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Cover for the book Discovering Anglo-Saxon England

Discovering Anglo-Saxon England

Martin Welch
  • Copyright: 1993
  • Dimensions: 7.25 x 9.75
  • Page Count: 144 pages
  • Illustrations: 9 color/91 b&w illustrations
  • Paperback ISBN: 978-0-271-00894-3
“A splendid overview of Anglo-Saxon archaeology in England. It covers the principal subjects of medieval archaeology—settlements, cemeteries, manufacturing and trade, and social status—clearly and succinctly. The text is well suited for new readers to the field because the author explains how patterns in the archaeological evidence are interpreted. The book is also ideal for historians who want to learn more about the archaeology of the early medieval period. The author makes frequent reference to the historical evidence and discusses the application of both historical and archaeological sources to particular questions.”

Discovering Anglo-Saxon England covers the period from about 400 to 700, from the departure of Roman troops to the triumph of Christianity and the "Age of Bede." It was during this period that waves of migrants—Angles, Saxons, Jutes, and other peoples from northern Germany and southern Scandinavia—created England (the "land of the Angles") from the vestiges of late Roman Britain.

This period is often considered a "dark age" because of the dearth of written records. Accounts from later centuries (such as Beowulf and the writings of the Venerable Bede) provide some insight, but archaeology is the source of most of our knowledge. Excavations, such as those of dwellings at West Stow and the Yeavering "palace," offer us a window into what Martin Welch calls Anglo-Saxon "communities in life." Likewise, the cemeteries of farmstead settlements and the magnificent "royal" ship burial at Sutton Hoo present the equivalent "communities in death."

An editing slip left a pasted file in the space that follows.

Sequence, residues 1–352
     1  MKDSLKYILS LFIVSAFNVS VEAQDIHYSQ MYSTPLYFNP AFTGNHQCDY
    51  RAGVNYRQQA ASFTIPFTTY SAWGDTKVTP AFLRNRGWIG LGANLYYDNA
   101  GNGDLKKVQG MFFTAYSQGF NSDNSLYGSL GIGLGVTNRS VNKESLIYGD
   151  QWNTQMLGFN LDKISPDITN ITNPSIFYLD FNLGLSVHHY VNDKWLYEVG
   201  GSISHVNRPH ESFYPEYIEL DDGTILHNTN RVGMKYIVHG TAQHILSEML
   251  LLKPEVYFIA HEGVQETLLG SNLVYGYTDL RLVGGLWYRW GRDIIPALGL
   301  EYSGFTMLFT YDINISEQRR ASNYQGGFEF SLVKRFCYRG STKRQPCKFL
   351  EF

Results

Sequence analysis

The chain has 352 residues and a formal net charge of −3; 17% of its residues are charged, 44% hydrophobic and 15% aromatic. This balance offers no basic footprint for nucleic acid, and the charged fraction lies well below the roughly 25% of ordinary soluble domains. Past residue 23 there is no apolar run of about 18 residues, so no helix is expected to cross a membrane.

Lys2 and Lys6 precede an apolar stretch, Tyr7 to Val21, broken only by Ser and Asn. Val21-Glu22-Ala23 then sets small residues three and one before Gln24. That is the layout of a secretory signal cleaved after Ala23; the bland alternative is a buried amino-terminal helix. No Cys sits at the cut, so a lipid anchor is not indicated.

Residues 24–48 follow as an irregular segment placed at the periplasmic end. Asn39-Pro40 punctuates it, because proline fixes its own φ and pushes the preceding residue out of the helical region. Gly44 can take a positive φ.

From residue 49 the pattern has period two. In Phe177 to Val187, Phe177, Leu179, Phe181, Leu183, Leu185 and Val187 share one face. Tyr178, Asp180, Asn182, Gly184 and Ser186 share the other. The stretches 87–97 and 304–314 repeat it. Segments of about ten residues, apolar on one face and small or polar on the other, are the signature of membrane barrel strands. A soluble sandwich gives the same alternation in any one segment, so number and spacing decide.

Written in an accessible style, Discovering Anglo-Saxon England includes one hundred maps, plans, reconstructions, and photographs, making it an excellent introduction to the archaeology of early England. An appendix of places to visit makes it ideally suited to those planning an excursion of their own.

Martin Welch is Senior Lecturer in Medieval Archaeology at University College London. Formerly he was an Assistant Keeper in the Department of Antiquities of the Ashmolean Museum, Oxford. He has written extensively on the archaeology of Anglo-Saxon England.

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